above: House & Home via Bright Bazaar
If you’ve been on the internet lately, you’ll know that Scandinavian design is having a moment. And it’s easy to see why! Traditional Scandinavian style is simple, clean, cheerful, and very achievable for basically any budget. When you think about this style, usually lots of white springs to mind, but the reality is that Scandinavian design can also have lots of vibrant color and fun patterns.
above: promotional image from retailer Gudruns Joden / below: Sandra Freij
The patterns you’ll find in traditional Scandinavian designs are typically simple, botanical illustrations in a symmetrical style. Animals are also common themes, such as the traditional dala horse (as seen in top image), most commonly seen in a poppy red hue. Modern Scandinavian patterns usually have bold colors and graphic, high contrast styles, like the oversize prints and patterns from the Finnish company Marimekko. (above sofa upholstered in Marimekko fabric)
above: unknown with Marimekko wallpaper / unknown via homedit
A favorite Scandinavian designer is Austrian born Josef Frank whose patterns exhibited the folk-style traditional to Scandinavian style, but with a mod flair. You can purchase Josef Frank wallpaper and fabric for your home these days, but be ready to pay a pretty penny! Sometimes just investing in a yard or two will give you the perfect pop of pattern in a pillow or chair cover.
above: La Maison d’ Anna G. / below: Josef Frank prints available from Svenskt
above: Anna Kern for Svenska Dagblaet / Sweet Paul Issue 2
above: House to Home / image from the book Scandinavian Design by Lars Bolander
Scandinavian style has a long history, traditionally marked by simplicity, bright whites, natural wood tones, folk style ornamentation, and color washed furnishings and trims. Hues of medium blues, bright reds, and pleasant greens, pinks, and yellows are common throughout Scandinavian design. In old Dutch homes, folks used to build their beds into warm, closet-like spaces, and to save space, would hang spindle-backed chairs on the walls when they weren’t being used. The modern version of Dutch and Scandinavian design isn’t always about efficiency and space-saving solutions, though it is still both practical and beautiful. A lot of modern, Scandinavian-style homes showcase a mix of the traditional style of almost rustic simplicity alongside the sleek designs of forward-thinking designers who emerged in the 20th Century.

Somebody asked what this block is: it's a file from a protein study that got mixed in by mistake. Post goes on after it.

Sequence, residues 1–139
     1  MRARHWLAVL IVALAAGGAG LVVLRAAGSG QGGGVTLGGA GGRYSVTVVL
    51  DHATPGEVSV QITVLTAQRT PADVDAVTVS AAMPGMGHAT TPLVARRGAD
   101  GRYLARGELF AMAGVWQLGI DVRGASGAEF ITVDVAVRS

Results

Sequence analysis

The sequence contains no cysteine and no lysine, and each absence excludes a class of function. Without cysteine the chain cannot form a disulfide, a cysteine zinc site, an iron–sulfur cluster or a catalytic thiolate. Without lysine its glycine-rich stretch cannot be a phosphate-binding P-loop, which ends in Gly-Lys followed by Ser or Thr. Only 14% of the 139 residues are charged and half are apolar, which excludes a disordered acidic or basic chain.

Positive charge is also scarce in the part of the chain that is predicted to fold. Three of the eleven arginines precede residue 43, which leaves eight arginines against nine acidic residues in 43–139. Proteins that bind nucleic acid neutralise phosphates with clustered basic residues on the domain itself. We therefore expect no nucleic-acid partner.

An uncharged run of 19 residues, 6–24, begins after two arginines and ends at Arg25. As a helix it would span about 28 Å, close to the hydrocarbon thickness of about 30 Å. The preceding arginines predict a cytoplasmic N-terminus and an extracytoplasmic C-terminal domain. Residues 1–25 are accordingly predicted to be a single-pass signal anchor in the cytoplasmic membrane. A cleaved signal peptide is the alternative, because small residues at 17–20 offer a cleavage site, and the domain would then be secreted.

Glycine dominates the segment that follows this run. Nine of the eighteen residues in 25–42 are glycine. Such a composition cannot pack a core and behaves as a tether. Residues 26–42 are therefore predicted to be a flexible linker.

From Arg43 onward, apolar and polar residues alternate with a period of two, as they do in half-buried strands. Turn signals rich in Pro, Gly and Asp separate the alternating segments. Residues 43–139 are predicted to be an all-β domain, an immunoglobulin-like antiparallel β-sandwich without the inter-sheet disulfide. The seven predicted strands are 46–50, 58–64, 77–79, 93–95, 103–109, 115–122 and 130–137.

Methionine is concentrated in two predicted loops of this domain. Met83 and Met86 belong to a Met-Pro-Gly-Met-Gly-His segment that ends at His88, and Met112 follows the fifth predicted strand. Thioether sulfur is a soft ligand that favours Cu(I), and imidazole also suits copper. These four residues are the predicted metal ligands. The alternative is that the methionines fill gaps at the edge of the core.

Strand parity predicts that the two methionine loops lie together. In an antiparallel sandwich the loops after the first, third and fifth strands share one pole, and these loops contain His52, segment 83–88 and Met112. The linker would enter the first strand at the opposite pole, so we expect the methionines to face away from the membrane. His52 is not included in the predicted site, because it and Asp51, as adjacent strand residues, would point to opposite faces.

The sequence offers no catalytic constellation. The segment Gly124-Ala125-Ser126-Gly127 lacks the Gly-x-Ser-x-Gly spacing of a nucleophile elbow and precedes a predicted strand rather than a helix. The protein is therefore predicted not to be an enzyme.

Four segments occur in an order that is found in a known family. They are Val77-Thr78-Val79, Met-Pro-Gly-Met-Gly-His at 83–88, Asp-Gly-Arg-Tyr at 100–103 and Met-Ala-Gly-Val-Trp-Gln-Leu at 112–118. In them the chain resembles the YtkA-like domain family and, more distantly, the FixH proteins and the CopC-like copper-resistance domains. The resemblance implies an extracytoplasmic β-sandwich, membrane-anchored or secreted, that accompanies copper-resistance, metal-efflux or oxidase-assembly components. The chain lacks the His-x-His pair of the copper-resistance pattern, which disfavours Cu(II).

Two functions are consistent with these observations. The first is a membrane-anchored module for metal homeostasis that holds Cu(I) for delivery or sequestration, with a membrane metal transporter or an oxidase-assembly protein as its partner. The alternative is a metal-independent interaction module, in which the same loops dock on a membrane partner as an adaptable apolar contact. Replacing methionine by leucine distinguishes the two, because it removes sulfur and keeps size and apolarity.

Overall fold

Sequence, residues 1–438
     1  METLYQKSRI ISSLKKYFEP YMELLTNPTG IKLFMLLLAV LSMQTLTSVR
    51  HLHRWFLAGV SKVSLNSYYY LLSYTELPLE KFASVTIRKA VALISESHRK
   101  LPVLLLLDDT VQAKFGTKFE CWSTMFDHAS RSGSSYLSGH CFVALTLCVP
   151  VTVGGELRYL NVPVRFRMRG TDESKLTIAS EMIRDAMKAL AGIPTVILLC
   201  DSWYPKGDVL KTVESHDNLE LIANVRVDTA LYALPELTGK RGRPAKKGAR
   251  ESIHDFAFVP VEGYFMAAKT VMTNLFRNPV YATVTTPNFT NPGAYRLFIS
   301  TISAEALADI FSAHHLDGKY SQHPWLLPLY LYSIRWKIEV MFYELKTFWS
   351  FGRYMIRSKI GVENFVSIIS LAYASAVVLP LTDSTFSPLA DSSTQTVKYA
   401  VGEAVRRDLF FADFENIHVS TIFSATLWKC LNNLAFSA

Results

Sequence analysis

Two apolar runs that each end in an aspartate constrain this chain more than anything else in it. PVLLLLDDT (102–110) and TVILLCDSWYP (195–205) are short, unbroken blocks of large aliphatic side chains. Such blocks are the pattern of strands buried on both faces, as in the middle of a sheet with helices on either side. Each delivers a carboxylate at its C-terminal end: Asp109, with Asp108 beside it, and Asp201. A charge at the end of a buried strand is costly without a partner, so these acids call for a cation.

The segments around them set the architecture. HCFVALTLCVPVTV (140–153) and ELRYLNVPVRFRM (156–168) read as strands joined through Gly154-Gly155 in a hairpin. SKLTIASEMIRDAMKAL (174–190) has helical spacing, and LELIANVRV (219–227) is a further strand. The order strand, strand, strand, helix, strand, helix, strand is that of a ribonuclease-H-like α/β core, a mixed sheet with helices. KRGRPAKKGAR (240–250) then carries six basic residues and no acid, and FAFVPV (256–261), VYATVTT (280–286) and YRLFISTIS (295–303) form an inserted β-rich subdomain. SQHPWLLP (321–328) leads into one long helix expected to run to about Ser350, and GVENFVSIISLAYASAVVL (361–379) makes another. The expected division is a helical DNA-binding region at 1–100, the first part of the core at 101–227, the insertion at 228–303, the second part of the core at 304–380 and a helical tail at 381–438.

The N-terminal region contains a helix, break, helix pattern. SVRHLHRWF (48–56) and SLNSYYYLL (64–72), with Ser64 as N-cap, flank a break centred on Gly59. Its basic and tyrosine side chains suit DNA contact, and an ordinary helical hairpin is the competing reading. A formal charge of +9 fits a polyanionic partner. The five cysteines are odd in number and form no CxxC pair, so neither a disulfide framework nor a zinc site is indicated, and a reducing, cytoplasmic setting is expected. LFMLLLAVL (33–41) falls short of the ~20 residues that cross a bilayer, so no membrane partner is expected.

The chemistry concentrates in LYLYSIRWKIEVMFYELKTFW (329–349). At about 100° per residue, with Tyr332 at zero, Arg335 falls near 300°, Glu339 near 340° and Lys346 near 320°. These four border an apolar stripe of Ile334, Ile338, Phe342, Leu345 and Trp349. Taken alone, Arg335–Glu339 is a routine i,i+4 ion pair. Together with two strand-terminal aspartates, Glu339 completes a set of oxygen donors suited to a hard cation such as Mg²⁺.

A lot of iconic modern designs came from Scandinavian designers in the 1900s, and above you’ll see some of the most popular pieces.
1. Wishbone chair by Hans J. Wegner (knock-off linked to down below)
2. Panthella lamp by Verner Panton
3. Artek stool by Alvar Aalto (knock-off available at Ikea)
4. Egg chair by Arne Jacobsen
5. PH5 hanging lamp by Poul Henningsen
6. Tulip side table by Eero Saarinen (knock-off linked to down below)
above: Better Homes and Gardens/ flodeau
GET THE LOOK
Want to add some Scandinavian style to your home but don’t know where to begin? These things are a great start, and are pretty affordable too!
1. Bentwood pendant light
2. Flip clock (knock-off of the Karlsson Big Flip clock)
3. Marimekko teapot
4. Candle holder
5. Marimekko cereal bowl
6. Mongolian fur pillow
7. Panton floor lamp
8. Tulip side table
9. Wishbone chair
10. Grid pillow cover
11. Dala horse ornaments
above: House & Home / Anna Kern for Svenska Dagblaet
Paring down the color palette in your home and utilizing pops of color amidst a more neutral background is a great way to get the Scandinavian look if you can’t really afford to do much redecorating. Instead of dark wood tones, try natural wood colors or painted wood instead. Combine sleek modern pieces like the iconic Panton chair with soft, rustic elements for the effortlessly chic looks shown here. Or it might be easier for you to find an old spindle-back chair and paint it a glossy black for a touch of Scandinavian charm. A classic windsor alongside streamlined pieces (think Ikea if your budget is anything like mine!) is a look that works wonders.
above: Real Living / Martha Stewart / below: Dust Jacket
If in doubt about how to go Nordic, your best bet is to just keep it simple! There is always elegance in simplicity, and I think that’s really what we all love about Scandinavian style. –Mandi
Credits // Author: Mandi Johnson. Images: Noted individually.